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Article
August 1997

Lichen Planus—Like Histopathologic Characteristics in the Cutaneous Graft-vs-Host ReactionPrognostic Significance Independent of Time Course After Allogeneic Bone Marrow Transplantation

Author Affiliations

From the Departments of Dermatology (Dr Horn and Ms Atkins), Pathology (Dr Horn), Biostatistics (Ms Zahurak), and Oncology (Dr Vogelsang), The Johns Hopkins University School of Medicine, Baltimore, Md; and the Department of Dermatology, Emory University School of Medicine, Atlanta, Ga (Dr Solomon). Dr Horn is now with the Department of Dermatology, University of Arkansas for Medical Sciences, Little Rock.

Arch Dermatol. 1997;133(8):961-965. doi:10.1001/archderm.1997.03890440027003
Abstract

Background:  The discrimination between acute and chronic graft-vs-host disease (GVHD) after allogeneic bone marrow transplantation (BMT) is important because the treatment regimens and prognosis differ.

Objectives:  To identify whether accepted histopathologic criteria of a graft-vs-host reaction (GVHR) alone or in combination accurately reflect clinical phase of disease, to correlate patterns with clinical outcome, and to identify any concordance between inflammation and epidermal changes of a GVHR.

Design:  Skin biopsy specimens were analyzed according to histologically defined standards.

Settings:  This study was performed in a tertiary care hospital.

Patients:  One hundred seventy-three skin biopsy specimens (10 days before to 1326 days after BMT) from 83 patients undergoing allogeneic BMT for various malignant neoplasms were selected for study. A consecutive 12-month sample was used.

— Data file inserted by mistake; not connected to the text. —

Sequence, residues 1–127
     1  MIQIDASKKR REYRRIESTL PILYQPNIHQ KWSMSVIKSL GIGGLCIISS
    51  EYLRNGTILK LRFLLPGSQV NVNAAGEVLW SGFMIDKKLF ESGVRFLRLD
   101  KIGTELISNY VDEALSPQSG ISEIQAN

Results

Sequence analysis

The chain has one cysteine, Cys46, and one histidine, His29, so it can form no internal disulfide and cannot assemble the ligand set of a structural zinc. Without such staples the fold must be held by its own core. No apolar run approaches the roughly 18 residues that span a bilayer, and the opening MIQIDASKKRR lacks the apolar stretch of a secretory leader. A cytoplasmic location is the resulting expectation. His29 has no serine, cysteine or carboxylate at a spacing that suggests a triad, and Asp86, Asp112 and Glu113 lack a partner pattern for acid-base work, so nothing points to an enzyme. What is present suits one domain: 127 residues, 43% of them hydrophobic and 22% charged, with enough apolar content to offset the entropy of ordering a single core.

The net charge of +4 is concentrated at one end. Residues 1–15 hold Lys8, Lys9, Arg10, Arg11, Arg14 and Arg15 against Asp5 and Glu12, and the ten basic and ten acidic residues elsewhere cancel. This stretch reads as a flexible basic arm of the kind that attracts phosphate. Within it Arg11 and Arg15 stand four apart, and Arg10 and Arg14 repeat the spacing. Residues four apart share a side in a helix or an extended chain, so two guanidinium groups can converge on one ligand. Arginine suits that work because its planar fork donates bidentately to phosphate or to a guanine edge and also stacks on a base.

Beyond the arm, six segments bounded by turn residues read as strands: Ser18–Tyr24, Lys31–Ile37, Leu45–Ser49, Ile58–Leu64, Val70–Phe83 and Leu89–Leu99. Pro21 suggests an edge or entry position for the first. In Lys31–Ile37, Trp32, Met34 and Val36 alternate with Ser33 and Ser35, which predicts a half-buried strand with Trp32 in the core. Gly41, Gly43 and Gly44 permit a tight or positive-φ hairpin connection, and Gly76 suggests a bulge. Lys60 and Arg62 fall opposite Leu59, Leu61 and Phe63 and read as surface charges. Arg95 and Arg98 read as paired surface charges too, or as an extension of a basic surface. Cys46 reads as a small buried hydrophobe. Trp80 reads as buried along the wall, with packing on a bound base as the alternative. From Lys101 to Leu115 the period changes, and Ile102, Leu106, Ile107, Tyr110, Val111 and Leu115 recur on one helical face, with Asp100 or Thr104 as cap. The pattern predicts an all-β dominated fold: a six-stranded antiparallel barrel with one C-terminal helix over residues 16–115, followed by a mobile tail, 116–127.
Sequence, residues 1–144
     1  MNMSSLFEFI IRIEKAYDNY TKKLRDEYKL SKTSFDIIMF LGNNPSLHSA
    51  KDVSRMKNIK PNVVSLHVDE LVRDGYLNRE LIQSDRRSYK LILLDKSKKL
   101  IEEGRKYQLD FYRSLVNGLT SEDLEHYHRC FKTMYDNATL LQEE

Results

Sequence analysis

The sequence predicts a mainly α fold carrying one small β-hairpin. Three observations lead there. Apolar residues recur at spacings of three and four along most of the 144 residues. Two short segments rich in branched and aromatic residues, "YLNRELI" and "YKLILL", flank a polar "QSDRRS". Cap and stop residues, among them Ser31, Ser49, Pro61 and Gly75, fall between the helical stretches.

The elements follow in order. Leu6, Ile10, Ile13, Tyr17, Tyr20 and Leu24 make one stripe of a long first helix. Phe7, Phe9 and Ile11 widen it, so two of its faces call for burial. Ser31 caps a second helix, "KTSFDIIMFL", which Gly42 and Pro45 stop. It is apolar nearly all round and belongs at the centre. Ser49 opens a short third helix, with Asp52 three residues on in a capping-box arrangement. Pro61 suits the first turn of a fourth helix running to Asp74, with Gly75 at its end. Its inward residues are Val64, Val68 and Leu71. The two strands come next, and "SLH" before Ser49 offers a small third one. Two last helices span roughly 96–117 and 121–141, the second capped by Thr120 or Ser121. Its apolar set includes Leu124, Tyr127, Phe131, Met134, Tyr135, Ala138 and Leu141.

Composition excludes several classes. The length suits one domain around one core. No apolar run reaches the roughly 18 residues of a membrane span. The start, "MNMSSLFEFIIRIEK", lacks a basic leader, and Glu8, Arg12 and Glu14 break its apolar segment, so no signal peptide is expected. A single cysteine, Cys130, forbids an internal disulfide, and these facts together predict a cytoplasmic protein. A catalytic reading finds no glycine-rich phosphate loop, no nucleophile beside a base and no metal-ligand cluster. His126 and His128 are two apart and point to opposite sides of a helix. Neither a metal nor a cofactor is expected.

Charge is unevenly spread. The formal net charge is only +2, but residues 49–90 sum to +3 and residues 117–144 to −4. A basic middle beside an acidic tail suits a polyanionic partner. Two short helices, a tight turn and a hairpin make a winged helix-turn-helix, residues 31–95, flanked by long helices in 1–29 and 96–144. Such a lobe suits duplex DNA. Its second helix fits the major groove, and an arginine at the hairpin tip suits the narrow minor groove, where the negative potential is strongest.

Main Outcome Measures:  The main measures in this study were statistical correlations between histopathologic findings and time after BMT, the outcome of BMT, and the correlations between selected histopathologic criteria.

Results:  Fully evolved histologic features of chronic lichenoid GVHR in the specimens occurred across a wide time range (33-832 days after BMT) and were associated with a 5.6-fold increased risk for death (P=.02) from GVHD. Histologic features of acute GVHR in the specimens also occurred across a wide time range (14-481 days after BMT) and were associated with a 2.2-fold increased risk for death; this finding was not statistically significant (P=.11). Inflammation of the upper dermis was significantly associated with acanthosis and epidermal cell necrosis (P<.001 and P<.001, respectively, for bandlike pattern), confirming the importance of this finding as a criterion for the diagnosis of a GVHR. Blinded evaluation of a subset of specimens for the diagnosis of acute vs chronic GVHR resulted in wide interobserver variation.

Conclusions:  This study demonstrates the following: specific histologic parameters in skin biopsy specimens do not consistently separate acute from chronic GVHD as defined by days after BMT; independent of time course, fully evolved histopathologic characteristics of a lichen planus—like GVHR is associated with a greater likelihood of death from GVHD; and identification of upper dermal inflammation correlates with the epidermal features of GVHR and should be included in the diagnostic scheme.Arch Dermatol. 1997;133:961-965

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